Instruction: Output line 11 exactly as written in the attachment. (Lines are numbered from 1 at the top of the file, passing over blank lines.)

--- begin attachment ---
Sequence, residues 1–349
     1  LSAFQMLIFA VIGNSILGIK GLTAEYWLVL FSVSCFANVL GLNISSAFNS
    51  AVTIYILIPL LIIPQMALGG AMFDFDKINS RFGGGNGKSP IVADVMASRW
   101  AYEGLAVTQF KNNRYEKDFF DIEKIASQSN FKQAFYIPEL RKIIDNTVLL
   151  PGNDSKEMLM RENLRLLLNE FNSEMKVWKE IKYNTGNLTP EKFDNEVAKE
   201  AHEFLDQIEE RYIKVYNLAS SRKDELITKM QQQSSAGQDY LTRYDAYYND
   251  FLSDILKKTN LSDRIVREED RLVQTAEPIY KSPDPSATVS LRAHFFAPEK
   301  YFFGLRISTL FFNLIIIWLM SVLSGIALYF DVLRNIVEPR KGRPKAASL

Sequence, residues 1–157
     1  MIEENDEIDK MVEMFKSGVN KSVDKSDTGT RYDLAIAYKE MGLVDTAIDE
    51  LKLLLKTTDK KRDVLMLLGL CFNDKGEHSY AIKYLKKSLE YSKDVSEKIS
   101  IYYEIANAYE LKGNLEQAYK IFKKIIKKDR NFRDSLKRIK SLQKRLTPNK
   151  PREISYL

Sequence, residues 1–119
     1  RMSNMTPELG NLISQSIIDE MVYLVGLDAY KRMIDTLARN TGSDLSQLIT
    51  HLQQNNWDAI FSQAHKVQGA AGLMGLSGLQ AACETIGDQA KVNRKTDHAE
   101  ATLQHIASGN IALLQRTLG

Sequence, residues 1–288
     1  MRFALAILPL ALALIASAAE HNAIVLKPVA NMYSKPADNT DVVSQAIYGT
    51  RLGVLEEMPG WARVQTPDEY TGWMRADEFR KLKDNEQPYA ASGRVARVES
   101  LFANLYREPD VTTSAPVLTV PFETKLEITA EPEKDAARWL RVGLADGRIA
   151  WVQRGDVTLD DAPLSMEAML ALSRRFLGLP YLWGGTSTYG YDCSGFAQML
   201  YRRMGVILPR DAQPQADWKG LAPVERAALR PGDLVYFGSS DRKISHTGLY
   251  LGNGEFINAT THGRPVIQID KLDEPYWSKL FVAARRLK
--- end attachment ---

    51  LKLLLKTTDK KRDVLMLLGL CFNDKGEHSY AIKYLKKSLE YSKDVSEKIS